The column, which started on or about November 14, took with it food for three days only, carried by natives, and a hundred rounds of ammunition per man. After several days' journeying northward the patrol reached the Bubye River, where dissensions arose between Captain Raaf and Major Forbes, the former being of opinion, rightly enough as the issue showed, that the mission was too dangerous to be pursued by a small body of men without supplies of food, and having no reserve of ammunition and no means of carrying the wounded. The upshot was that Major Forbes decided to return, but was prevented from doing so by a letter received from Dr. Jameson, stating that he was sending forward a reinforcement of dismounted men under Captain Napier with food, ammunition, and wagons, also sixteen mounted men under Captain Borrow. The force then proceeded to a deserted Mission Station known as Shiloh. On November 25 the column, three hundred strong and carrying with it three-quarter rations for twelve days, took up the King's wagon spoor about one mile from Shiloh, and followed it through much discomfort, caused by the constant rain and the lack of roads, till, on December S, a point was reached on the Shangani River, N.N.W. of Shiloh and distant from it about eighty miles.
On November 29, however, Major Forbes, finding that he could make small progress with the wagons, sent them away, and proceeded with the best mounted men and two Maxims only, so that the actual force which reached the Shangani on the 3rd consisted of about one hundred and sixty men and a couple of machine guns.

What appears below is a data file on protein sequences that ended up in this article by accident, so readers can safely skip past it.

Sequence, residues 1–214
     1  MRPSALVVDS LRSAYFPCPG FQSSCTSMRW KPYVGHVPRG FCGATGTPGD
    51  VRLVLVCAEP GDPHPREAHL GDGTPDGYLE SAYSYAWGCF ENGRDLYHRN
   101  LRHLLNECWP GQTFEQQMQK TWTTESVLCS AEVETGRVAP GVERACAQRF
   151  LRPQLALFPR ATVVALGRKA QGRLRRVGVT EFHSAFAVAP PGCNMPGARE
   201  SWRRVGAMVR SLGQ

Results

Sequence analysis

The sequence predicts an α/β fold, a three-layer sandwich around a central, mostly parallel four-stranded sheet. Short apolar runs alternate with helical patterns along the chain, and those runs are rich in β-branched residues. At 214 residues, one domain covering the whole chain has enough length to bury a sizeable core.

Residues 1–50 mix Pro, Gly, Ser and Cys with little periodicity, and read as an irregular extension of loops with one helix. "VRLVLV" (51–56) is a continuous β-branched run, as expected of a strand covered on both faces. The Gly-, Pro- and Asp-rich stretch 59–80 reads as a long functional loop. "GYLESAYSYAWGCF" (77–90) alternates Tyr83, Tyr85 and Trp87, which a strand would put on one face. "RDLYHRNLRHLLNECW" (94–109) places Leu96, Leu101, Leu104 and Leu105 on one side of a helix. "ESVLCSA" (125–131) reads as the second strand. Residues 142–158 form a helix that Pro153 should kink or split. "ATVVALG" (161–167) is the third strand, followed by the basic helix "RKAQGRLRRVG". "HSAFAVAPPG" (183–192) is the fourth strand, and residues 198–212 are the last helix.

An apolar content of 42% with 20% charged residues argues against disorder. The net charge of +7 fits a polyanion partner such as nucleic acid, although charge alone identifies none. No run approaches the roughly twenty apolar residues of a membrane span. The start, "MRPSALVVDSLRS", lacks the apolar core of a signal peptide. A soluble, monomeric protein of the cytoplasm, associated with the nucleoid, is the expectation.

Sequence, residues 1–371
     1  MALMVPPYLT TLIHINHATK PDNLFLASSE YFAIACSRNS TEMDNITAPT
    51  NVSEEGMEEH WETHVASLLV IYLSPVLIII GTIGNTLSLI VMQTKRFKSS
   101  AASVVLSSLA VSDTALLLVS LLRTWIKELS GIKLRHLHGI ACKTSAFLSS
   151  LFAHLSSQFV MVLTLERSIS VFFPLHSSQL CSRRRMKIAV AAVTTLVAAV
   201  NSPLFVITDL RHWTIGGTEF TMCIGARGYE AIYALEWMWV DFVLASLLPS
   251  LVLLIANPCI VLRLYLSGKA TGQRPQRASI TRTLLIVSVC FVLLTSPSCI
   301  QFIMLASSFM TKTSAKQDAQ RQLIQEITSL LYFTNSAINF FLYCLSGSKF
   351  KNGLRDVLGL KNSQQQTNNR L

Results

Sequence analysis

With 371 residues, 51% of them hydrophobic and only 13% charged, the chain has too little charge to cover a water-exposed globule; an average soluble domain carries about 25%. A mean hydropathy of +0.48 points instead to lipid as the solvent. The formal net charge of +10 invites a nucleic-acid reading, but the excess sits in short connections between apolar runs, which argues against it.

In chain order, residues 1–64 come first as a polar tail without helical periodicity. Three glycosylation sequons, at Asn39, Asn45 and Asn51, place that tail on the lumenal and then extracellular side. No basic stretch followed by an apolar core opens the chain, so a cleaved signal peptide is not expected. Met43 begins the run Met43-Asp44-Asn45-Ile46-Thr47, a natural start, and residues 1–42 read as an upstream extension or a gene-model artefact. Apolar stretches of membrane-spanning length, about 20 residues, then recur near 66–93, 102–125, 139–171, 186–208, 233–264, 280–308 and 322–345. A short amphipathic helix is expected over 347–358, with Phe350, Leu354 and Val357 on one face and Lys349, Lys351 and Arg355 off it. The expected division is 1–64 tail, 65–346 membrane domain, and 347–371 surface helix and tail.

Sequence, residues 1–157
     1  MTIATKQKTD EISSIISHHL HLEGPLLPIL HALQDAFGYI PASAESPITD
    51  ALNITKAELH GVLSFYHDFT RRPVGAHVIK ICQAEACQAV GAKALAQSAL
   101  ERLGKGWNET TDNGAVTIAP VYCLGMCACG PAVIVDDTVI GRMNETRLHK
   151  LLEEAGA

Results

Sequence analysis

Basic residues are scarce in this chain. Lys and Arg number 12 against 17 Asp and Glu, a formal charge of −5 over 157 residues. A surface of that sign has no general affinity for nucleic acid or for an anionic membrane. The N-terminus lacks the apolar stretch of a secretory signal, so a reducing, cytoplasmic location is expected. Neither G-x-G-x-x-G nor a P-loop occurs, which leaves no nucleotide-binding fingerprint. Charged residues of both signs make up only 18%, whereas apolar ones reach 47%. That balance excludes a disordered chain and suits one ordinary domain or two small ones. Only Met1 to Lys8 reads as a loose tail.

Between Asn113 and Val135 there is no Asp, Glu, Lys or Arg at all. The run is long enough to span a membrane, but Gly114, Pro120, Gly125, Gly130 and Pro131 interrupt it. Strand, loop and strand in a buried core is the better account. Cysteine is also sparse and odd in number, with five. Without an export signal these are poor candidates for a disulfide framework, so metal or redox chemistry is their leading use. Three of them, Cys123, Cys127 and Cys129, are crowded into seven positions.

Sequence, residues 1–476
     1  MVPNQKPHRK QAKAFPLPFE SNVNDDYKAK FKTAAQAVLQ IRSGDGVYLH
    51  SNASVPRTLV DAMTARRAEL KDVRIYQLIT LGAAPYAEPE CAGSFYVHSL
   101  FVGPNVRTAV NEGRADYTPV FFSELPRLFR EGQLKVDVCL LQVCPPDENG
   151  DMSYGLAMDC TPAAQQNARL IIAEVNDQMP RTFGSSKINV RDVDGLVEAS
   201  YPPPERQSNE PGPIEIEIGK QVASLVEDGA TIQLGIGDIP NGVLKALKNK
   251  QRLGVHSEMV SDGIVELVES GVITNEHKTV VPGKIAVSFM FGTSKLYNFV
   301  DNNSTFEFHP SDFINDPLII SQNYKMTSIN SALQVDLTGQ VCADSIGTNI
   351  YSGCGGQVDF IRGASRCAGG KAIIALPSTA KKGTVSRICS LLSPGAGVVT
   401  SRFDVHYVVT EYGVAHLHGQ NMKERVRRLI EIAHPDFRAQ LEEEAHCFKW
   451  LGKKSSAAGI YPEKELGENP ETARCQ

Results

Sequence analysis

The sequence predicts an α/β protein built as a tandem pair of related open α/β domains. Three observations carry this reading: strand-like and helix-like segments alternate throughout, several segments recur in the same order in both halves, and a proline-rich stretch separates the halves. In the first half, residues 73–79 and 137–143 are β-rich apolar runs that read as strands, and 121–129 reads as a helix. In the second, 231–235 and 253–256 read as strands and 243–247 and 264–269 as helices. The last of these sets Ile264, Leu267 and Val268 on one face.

At this time the information in possession of the leaders of the column was to the effect that the King was just in front of them across the river, accompanied only by a few of his followers. Under these circumstances Major Forbes instructed Major Wilson and eighteen men to go forward and reconnoitre along Lobengula's spoor; the understanding seeming to have been that the party was to return by sundown, but that if it did not return it was, if necessary, to be supported by the whole column. With this patrol went Mr. Burnham, the American scout, one of the three surviving white men who were eye-witnesses of that eventful night's work, which ended so tragically at dawn.
What followed is best told as he narrated it by word of mouth to the compiler of this true story, and to a reporter of the 'Westminster Gazette,' the editor of which paper has courteously given permission for the reproduction of the interview. Indeed, it would be difficult to tell it so well in words other than Mr. Burnham's own.
'In the afternoon of December 8,' says Mr. Burnham, 'I was scouting ahead of the column with Colenbrander, when in a strip of bush we lit on two Matabele boys driving some cattle, one of whom we caught and brought in. He was a plucky boy, and when threatened he just looked us sullenly in the face. He turned out to be a sort of grandson or grand-nephew of Lobengula himself. He said the King's camp was just ahead, and the King himself near, with very few men, and these sick, and that he wanted to give himself up. He represented that the King had been back to this place that very day to get help because his wagons were stuck in a bog. The column pushed on through the strip of bush, and there, near by, was the King's camp—quite deserted. We searched the huts, and in one lay a Maholi slave-boy, fast asleep. (The Maholis are the slaves of the Matabele.) We pulled him out, and were questioning him, when the other boy, the sulky Matabele, caught his eye, and gave him a ferocious look, shouting across to him to take care what he told.